The following is a list of additional adverse reactions that have been reported during the premarketing evaluation of RISPERDAL CONSTA®, regardless of frequency of occurrence:

Cardiac Disorders: bradycardia

Ear and Labyrinth Disorders: vertigo

Eye Disorders: blepharospasm

Gastrointestinal Disorders: toothache, tongue spasm

General Disorders and Administration Site Conditions: pain

Infections and Infestations: lower respiratory tract infection, infection, gastroenteritis, subcutaneous abscess

Injury and Poisoning: fall

Investigations: weight decreased, gamma-glutamyltransferase increased, hepatic enzyme increased

Musculoskeletal, Connective Tissue, and Bone Disorders: buttock pain

Nervous System Disorders: convulsion, paresthesia

Psychiatric Disorders: depression

Skin and Subcutaneous Tissue Disorders: eczema

Vascular Disorders: hypertension

Discontinuations Due to Adverse Reactions

Schizophrenia - Adults

Approximately 7% (39/564) of RISPERDAL®-treated patients in double-blind, placebo-controlled trials discontinued treatment due to an adverse reaction, compared with 4% (10/225) who were receiving placebo. The adverse reactions associated with discontinuation in 2 or more RISPERDAL®-treated patients were:

Table 14. Adverse Reactions Associated With Discontinuation in 2 or More RISPERDAL®-Treated Adult Patients in Schizophrenia Trials
RISPERDAL®
Adverse Reaction 2–8 mg/day
(N=366)
>8–16 mg/day
(N=198)
Placebo
(N=225)
Dizziness 1.4% 1.0% 0%
Nausea 1.4% 0% 0%
Vomiting 0.8% 0% 0%
Parkinsonism 0.8% 0% 0%
Somnolence 0.8% 0% 0%
Dystonia 0.5% 0% 0%
Agitation 0.5% 0% 0%
Abdominal pain 0.5% 0% 0%
Orthostatic hypotension 0.3% 0.5% 0%
Akathisia 0.3% 2.0% 0%

Discontinuation for extrapyramidal symptoms (including Parkinsonism, akathisia, dystonia, and tardive dyskinesia) was 1% in placebo-treated patients, and 3.4% in active control-treated patients in a double-blind, placebo- and active-controlled trial.

Schizophrenia - Pediatrics

Approximately 7% (7/106), of RISPERDAL®-treated patients discontinued treatment due to an adverse reaction in a double-blind, placebo-controlled trial, compared with 4% (2/54) placebo-treated patients. The adverse reactions associated with discontinuation for at least one RISPERDAL®-treated patient were dizziness (2%), somnolence (1%), sedation (1%), lethargy (1%), anxiety (1%), balance disorder (1%), hypotension (1%), and palpitation (1%).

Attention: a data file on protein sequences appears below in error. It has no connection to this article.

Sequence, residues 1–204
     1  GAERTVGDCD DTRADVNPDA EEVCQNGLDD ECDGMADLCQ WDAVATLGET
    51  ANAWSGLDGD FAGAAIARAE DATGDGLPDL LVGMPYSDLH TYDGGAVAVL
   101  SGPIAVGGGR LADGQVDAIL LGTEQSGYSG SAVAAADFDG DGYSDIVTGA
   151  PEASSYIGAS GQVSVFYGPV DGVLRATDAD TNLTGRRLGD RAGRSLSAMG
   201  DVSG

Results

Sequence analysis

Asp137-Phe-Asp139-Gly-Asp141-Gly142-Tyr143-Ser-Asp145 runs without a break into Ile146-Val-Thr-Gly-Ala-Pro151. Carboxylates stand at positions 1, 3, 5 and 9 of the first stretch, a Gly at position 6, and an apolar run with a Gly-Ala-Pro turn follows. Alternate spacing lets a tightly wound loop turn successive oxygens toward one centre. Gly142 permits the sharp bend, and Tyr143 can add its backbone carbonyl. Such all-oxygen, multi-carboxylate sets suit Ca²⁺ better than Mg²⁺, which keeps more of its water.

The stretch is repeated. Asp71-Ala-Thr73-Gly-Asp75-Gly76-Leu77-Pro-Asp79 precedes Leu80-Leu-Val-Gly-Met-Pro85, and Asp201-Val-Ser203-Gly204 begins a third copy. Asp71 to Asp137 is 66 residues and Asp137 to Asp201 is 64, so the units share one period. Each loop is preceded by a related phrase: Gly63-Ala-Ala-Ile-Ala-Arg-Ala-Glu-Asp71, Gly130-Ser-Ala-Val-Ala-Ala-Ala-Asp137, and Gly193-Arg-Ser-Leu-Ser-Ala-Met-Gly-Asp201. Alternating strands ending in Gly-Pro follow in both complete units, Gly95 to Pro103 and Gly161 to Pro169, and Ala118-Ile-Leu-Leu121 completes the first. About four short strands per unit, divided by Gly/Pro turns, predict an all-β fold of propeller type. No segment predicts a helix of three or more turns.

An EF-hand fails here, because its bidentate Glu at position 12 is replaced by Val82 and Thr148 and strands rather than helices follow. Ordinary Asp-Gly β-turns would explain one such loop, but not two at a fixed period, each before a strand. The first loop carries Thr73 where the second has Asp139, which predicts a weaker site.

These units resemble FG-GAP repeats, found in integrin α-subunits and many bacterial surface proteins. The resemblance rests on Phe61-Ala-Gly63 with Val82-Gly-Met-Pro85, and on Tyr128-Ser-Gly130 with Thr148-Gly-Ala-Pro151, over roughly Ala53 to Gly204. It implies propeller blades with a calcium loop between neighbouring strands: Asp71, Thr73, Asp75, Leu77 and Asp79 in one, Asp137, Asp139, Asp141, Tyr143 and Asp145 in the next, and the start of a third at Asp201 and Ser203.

Bipolar Mania - Adults

In double-blind, placebo-controlled trials with RISPERDAL® as monotherapy, approximately 6% (25/448) of RISPERDAL®-treated patients discontinued treatment due to an adverse event, compared with approximately 5% (19/424) of placebo-treated patients. The adverse reactions associated with discontinuation in RISPERDAL®-treated patients were:

Table 15. Adverse Reactions Associated With Discontinuation in 2 or More RISPERDAL®-Treated Adult Patients in Bipolar Mania Clinical Trials
Adverse Reaction RISPERDAL®
1–6 mg/day
(N=448)
Placebo
(N=424)
Parkinsonism 0.4% 0%
Lethargy 0.2% 0%
Dizziness 0.2% 0%
Alanine aminotransferase increased 0.2% 0.2%
Aspartate aminotransferase increased 0.2% 0.2%

Bipolar Mania - Pediatrics

In a double-blind, placebo-controlled trial 12% (13/111) of RISPERDAL®-treated patients discontinued due to an adverse reaction, compared with 7% (4/58) of placebo-treated patients. The adverse reactions associated with discontinuation in more than one RISPERDAL®-treated pediatric patient were nausea (3%), somnolence (2%), sedation (2%), and vomiting (2%).

Autistic Disorder - Pediatrics

In the two 8-week, placebo-controlled trials in pediatric patients treated for irritability associated with autistic disorder (n=156), one RISPERDAL®-treated patient discontinued due to an adverse reaction (Parkinsonism), and one placebo-treated patient discontinued due to an adverse event.

Dose Dependency of Adverse Reactions in Clinical Trials

Extrapyramidal Symptoms

Data from two fixed-dose trials in adults with schizophrenia provided evidence of dose-relatedness for extrapyramidal symptoms associated with RISPERDAL® treatment.

Two methods were used to measure extrapyramidal symptoms (EPS) in an 8-week trial comparing 4 fixed doses of RISPERDAL® (2, 6, 10, and 16 mg/day), including (1) a Parkinsonism score (mean change from baseline) from the Extrapyramidal Symptom Rating Scale, and (2) incidence of spontaneous complaints of EPS: